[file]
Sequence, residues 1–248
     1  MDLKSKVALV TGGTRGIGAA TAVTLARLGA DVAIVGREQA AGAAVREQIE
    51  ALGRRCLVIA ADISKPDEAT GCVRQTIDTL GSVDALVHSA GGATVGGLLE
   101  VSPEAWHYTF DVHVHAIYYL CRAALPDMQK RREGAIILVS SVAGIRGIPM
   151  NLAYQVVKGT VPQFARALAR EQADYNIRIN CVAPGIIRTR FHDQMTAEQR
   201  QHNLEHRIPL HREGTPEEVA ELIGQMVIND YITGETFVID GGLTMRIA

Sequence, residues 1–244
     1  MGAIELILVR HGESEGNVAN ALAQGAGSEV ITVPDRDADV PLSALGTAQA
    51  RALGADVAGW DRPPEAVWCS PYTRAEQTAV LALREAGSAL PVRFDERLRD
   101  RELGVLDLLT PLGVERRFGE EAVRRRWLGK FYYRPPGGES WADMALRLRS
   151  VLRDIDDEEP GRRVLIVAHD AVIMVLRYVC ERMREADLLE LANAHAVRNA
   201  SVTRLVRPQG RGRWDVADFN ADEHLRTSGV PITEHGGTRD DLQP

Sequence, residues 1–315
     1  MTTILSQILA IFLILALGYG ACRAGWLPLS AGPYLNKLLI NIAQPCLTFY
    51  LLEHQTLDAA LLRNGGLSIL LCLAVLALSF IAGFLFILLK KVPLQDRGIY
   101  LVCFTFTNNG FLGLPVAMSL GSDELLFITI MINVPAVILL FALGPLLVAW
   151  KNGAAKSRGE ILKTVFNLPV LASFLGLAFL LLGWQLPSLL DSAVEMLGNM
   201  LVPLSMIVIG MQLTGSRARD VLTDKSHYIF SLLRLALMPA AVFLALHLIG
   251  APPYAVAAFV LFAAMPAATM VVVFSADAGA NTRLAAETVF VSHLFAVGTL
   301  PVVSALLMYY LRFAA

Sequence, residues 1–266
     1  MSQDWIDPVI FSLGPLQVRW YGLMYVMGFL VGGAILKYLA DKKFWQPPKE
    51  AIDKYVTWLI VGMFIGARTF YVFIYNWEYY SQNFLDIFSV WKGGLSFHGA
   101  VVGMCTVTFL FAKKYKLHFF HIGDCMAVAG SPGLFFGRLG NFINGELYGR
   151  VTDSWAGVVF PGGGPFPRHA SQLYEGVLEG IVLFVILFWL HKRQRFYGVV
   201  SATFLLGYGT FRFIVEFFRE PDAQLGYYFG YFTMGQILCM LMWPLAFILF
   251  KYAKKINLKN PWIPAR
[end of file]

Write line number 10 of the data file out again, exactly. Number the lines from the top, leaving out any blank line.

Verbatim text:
   101  RELGVLDLLT PLGVERRFGE EAVRRRWLGK FYYRPPGGES WADMALRLRS